I love the variety and unique nature of all of the different countries and cultures on our planet—learning how other people groups structure their lives and go about their day-to-day activities is fascinating.
As I’ve walked around Europe for the last two weeks, I’ve kept mental notes on a few differences in daily life that caught my attention more than once. Here they are:
Two days ago I wrote an article1 about the risk of the internet presenting homogeneity to individuals as opposed to varying opinions and ‘balanced’ content in response to search.
This is a vast subject, many parts of which I am unqualified to address. The topic does fascinate me, though, especially related to searches I make about the code school industry. Increasingly biased information related to our market or my perception of it is an interesting phenomenon to think about.
1. Read my full post about the Internet as an echo chamber for individuals.
I’ve long held that media in and of themselves are morally neutral: they can be used for good or for bad. They can, of course, influence the message as Marshall McLuhan noted2, but the actual machinery of the channels of communication aren’t right or wrong in and of themselves—it’s the content that matters.
The internet as a machine of information exchange promises infinite openness and sharing of ideas, but the actual experience people are having might not be living up to that promise.
1. Read more about Marshall McLuhan on Wikipedia.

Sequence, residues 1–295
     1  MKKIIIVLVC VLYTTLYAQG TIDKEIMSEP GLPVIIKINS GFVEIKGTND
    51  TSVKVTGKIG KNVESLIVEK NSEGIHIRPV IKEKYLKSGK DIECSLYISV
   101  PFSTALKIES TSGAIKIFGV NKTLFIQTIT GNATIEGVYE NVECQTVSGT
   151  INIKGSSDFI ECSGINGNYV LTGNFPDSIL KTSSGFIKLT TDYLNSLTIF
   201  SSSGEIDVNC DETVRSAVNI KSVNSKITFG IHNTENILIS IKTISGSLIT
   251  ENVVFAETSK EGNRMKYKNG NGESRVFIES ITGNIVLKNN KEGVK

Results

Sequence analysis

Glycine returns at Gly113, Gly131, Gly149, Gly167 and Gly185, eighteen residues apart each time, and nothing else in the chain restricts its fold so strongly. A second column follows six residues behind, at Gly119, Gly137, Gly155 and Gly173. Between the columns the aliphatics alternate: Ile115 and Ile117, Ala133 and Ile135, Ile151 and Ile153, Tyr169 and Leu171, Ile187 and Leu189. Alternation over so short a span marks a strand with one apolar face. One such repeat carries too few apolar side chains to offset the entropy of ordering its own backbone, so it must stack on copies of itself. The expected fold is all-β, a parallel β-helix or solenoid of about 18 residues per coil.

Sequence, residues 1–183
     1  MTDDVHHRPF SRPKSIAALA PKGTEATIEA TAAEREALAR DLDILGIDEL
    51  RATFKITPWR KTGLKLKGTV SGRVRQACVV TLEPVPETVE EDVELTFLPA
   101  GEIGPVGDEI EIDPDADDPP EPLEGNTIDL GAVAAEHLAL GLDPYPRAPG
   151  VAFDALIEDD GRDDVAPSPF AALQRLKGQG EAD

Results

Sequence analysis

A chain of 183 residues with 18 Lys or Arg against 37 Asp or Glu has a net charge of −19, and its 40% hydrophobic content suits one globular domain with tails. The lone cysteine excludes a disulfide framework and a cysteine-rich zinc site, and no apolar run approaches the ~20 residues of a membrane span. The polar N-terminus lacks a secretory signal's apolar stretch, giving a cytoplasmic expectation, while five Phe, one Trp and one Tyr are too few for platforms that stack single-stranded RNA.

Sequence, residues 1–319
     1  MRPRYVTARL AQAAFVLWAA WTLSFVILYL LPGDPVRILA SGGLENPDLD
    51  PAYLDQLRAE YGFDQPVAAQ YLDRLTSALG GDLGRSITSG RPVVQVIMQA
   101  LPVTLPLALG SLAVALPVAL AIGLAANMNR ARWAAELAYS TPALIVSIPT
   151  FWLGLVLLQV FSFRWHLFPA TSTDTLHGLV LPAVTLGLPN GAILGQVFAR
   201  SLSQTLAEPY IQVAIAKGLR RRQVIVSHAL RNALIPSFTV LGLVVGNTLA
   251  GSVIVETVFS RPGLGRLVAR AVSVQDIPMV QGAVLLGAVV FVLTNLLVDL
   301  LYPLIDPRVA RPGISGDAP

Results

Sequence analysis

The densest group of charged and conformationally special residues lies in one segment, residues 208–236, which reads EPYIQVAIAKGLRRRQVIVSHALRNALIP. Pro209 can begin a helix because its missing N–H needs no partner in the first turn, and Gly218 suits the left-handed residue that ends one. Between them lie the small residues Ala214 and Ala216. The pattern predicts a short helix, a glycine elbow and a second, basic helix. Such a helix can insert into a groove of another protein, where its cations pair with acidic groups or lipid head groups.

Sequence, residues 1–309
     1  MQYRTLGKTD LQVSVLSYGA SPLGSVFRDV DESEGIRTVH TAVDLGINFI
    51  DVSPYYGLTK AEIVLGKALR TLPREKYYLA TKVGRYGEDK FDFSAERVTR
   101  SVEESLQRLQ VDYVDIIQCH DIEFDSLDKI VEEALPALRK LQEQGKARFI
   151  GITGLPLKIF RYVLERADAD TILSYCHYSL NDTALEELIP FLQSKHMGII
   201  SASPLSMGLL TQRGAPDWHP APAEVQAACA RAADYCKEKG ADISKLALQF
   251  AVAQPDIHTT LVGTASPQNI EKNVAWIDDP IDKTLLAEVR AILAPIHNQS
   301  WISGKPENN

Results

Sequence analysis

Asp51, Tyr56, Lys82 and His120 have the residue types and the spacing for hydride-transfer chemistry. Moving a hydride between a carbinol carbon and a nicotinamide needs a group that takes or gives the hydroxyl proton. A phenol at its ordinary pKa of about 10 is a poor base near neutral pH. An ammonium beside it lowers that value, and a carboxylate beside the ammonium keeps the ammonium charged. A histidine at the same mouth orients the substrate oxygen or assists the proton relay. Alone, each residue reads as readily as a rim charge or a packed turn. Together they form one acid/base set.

One truism that I harp on relentlessly focuses on expectations:
All frustration is the result of unmet expectation.
Or, said another way, setting expectations well provides a great platform for relationship—to others, to work, to things we consume, to our time and so-on.
Recently I read a blog that I really enjoyed and the author did a very good job of explaining what his readers could expect in the about section. I really appreciated that because it gave me a context for evaluating how much time I wanted to invest in following and reading that author’s work. (As I’ve said before, we each have a limited number of precious hours to spend.)
I thought I’d take a cue from that experience and do the same thing here.
I’m always fascinated by a writer’s ability to say so much with so few words. The following quote from Brian Andreas gives me several moments of contemplative pause every time I run across it. On the one hand it reveals childlike wonder, and on the other it reveals something deeper about humanity and adventure.
There was a single blue line of crayon drawn across every wall in the house. What does it mean? I asked. A pirate needs the sight of the sea, he said and then he pulled his eye patch down and turned and sailed away.
—Brian Andreas, Story People
I recently wrote about the strange comfort I find in ships and the fact that on a basic level they’ve remained largely the same for thousands of years. Airplane propellers are similar.
The propeller as a mechanical device has been used in aquatic applications for a long time, beginning with Archimedes’ Screw (in the 3rd century A.D.) and being used to propel watercraft as early as the 1600s.
The aeronautic propeller, though, is a relatively young invention, pioneered in part by the Wright brothers at the beginning of the 20th century. Interestingly, their success didn’t come from drawing on knowledge about propellers for boats, but from the characteristics of the wings that they had already studied carefully.
Here’s the incredible thing: modern-day recreations of their original design have only achieved 5% more efficiency than the ones the Wright brothers built in the early 1900s. (Read the full story of the Wright Brother’s invention process.)